KHN Morning Briefing

Summaries of health policy coverage from major news organizations

Administration Rejects Anthem Blue Cross’ Defense Of Premium Hike

WellPoint Inc., the parent company of Anthem Blue Cross of California, is defending its rate hike for customers with individual health insurance, but critics, including the Obama administration, are dubious.

"In a letter to the administration, health insurance giant WellPoint Inc. of Indianapolis said that increases of as much as 39%, set to take effect March 1, reflect soaring medical costs and an exodus of healthy consumers from its ranks," the Los Angeles Times reports. "Company executives said that less than a quarter of affected Anthem customers in California will see rate increases of 35% to 39%. The average will be about 25%, while some customers will see rates fall, they said." The Times quotes HHS Secretary Kathleen Sebelius: "It remains difficult to understand how a company that made $2.7 billion in the last quarter of 2009 alone can justify massive increases that will leave consumers with nothing but bad options. High healthcare costs alone cannot account for a premium increase that is 10 times higher than national health spending growth" (Helfand, 2/12).

The Wall Street Journal: "Brian A. Sassi, president of WellPoint's consumer business, said in his letter to Ms. Sebelius that the increase only affects the individual market, about 10% of its business in California. He said that despite an overall profit, the company, which does business as Anthem Blue Cross, suffered a 2009 loss in that market in California. Mr. Sassi also said rates are rising because healthy people are choosing not to buy coverage during the economic slowdown, leaving a sicker pool of customers. He said requiring people to buy health insurance would mitigate the problem" (Meckler, 2/12). 

The New York Times: Sebelius' "comments came on a day when a health care advocacy group reported that WellPoint and the four other biggest health insurance companies had collectively reported a record profit for 2009, even as they covered fewer customers." The report found that "the five biggest insurance companies had an average profit last year of 5.2 percent - for a combined total of $12.2 billion. This was an increase of $4.4 billion, or 56 percent, compared with 2008, according to the report, prepared by Health Care for America Now, a coalition of liberal and labor groups advocating for the passage of an overhaul of the health care system" (Seelye, 2/11).

The Los Angeles Times, in a separate article: "Industry representatives criticized the report's approach, pointing out that 2008 was a bad year financially across many industries. 'It is disingenuous to look at the profits at one company today compared to where it was in the depth of a recession,' said Robert Zirkelbach, a spokesman for America's Health Insurance Plans, the industry's Washington-based lobbying arm" (Levey, 2/11).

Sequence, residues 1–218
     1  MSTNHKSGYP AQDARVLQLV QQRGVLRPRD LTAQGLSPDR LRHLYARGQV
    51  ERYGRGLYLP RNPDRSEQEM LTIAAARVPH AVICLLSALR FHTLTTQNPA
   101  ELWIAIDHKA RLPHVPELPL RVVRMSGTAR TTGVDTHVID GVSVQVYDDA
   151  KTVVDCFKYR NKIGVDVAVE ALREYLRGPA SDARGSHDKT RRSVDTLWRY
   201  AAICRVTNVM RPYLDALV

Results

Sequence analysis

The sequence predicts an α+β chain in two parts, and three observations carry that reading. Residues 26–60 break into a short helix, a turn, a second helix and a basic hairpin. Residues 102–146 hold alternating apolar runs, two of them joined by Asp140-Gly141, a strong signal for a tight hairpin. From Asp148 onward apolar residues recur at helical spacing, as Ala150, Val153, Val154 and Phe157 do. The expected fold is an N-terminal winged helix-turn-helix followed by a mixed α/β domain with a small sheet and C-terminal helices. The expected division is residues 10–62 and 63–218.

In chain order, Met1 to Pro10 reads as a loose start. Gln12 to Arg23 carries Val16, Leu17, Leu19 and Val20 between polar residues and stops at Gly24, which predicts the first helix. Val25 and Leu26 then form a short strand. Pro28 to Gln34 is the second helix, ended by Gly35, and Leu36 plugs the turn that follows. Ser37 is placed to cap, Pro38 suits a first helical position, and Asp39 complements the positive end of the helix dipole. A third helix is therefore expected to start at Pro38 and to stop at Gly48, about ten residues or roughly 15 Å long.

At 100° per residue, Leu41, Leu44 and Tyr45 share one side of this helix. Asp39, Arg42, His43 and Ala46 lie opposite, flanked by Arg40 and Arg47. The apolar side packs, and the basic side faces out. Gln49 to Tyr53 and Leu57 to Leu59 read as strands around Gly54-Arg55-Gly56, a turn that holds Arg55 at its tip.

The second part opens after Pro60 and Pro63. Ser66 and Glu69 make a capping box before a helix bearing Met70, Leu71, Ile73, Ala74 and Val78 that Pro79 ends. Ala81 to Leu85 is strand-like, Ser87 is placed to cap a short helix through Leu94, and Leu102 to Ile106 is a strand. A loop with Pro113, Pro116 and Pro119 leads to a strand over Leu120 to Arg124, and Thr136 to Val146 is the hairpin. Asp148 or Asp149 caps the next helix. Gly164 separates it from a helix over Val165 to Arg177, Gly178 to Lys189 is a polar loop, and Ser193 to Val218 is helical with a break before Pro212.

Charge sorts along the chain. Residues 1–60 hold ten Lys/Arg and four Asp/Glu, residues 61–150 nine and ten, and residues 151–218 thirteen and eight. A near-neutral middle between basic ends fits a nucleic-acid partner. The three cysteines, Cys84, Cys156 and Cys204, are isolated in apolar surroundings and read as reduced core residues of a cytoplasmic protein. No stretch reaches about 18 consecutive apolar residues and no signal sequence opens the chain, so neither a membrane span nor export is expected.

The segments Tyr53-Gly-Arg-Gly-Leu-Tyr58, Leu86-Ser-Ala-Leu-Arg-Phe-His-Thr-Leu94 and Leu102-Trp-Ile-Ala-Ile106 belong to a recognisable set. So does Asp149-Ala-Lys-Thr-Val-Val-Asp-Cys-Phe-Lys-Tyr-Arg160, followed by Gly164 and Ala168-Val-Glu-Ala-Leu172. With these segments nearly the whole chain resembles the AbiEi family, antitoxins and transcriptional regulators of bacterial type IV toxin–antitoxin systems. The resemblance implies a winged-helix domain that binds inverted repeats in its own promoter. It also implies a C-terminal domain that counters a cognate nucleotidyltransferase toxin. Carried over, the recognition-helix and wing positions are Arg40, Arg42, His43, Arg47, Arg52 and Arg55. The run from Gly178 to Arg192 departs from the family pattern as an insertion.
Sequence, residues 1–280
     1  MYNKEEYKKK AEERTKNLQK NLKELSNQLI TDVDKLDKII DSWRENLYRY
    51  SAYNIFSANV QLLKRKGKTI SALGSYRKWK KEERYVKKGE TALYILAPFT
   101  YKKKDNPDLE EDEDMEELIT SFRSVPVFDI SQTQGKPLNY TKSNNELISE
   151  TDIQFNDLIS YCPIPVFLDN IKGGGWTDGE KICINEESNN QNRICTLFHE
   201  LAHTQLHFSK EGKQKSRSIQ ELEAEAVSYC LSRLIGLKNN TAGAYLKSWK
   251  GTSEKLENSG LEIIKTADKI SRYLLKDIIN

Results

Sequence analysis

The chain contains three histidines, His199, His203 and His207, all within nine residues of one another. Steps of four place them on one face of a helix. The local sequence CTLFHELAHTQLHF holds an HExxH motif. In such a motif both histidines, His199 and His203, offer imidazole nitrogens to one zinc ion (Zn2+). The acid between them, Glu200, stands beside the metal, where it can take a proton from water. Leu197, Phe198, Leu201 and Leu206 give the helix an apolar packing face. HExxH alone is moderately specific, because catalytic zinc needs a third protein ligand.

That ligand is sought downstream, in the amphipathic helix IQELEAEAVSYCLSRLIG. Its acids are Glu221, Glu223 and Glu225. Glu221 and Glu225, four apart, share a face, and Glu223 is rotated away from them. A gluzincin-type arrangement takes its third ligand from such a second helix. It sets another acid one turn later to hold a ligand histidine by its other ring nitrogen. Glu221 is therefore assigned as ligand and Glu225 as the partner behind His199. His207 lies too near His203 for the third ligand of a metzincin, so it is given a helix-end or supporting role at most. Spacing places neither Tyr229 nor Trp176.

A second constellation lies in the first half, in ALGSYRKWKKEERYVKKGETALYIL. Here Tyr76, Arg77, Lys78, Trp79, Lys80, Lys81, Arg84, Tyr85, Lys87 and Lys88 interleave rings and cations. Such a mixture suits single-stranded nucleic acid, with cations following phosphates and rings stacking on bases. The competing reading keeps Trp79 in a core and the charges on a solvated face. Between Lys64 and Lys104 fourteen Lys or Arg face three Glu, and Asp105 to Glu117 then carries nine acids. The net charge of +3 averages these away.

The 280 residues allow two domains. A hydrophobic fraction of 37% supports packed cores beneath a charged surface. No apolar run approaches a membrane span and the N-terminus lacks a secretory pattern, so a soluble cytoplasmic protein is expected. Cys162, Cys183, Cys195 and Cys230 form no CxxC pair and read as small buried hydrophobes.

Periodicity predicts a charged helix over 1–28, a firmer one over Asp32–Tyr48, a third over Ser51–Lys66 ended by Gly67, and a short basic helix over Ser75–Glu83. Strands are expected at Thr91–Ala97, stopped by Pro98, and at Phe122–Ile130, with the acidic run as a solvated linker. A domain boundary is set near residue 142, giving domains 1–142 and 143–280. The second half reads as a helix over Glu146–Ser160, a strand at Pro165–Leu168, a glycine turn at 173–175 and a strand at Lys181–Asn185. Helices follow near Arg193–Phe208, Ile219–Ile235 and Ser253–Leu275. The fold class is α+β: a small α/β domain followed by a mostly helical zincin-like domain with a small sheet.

The Christian Science Monitor: "Calling the WellPoint decision 'reckless,' Senate majority leader Harry Reid (D) of Nevada on Thursday said it showed why healthcare reform is needed.
'We don't have to let greedy health-insurance executives drag down our future,' Senator Reid said. President Obama made a similar point, using less-harsh language, at his Tuesday press conference" (Grier, 2/11).

The Associated Press: "To President Barack Obama, [the rate hike is] Exhibit A in his campaign to revive the health care overhaul. ... Whether the Anthem Blue Cross dispute "will be enough to re-ignite the sputtering health care legislation, remains uncertain... The rate hike shock, however, could help Obama make his case that Republicans need to come to the table on health care. GOP leaders, who want to start talks over from scratch, are going reluctantly to the Feb. 25 health care summit convened by the president" (Murphy and Alonso-Zaldivar, 2/11).

KHN's Daily Report has covered the coverage throughout the week regarding Anthem's planned rate hikes, including Congress' decision to hold hearings on the topic and reports about the initial rebuke by Health and Human Services Secretary Kathleen Sebelius.

This is part of the KHN Morning Briefing, a summary of health policy coverage from major news organizations. Sign up for an email subscription.